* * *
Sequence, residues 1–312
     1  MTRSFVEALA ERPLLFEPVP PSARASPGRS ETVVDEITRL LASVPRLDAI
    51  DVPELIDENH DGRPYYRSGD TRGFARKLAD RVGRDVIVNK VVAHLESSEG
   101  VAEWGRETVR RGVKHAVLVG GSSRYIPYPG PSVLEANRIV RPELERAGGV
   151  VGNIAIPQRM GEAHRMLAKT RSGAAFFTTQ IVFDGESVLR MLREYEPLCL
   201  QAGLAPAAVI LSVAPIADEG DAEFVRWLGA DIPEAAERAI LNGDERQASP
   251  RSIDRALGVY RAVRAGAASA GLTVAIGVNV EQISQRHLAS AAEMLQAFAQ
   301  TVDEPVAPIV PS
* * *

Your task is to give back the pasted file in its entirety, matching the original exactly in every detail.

Sequence, residues 1–312
     1  MTRSFVEALA ERPLLFEPVP PSARASPGRS ETVVDEITRL LASVPRLDAI
    51  DVPELIDENH DGRPYYRSGD TRGFARKLAD RVGRDVIVNK VVAHLESSEG
   101  VAEWGRETVR RGVKHAVLVG GSSRYIPYPG PSVLEANRIV RPELERAGGV
   151  VGNIAIPQRM GEAHRMLAKT RSGAAFFTTQ IVFDGESVLR MLREYEPLCL
   201  QAGLAPAAVI LSVAPIADEG DAEFVRWLGA DIPEAAERAI LNGDERQASP
   251  RSIDRALGVY RAVRAGAASA GLTVAIGVNV EQISQRHLAS AAEMLQAFAQ
   301  TVDEPVAPIV PS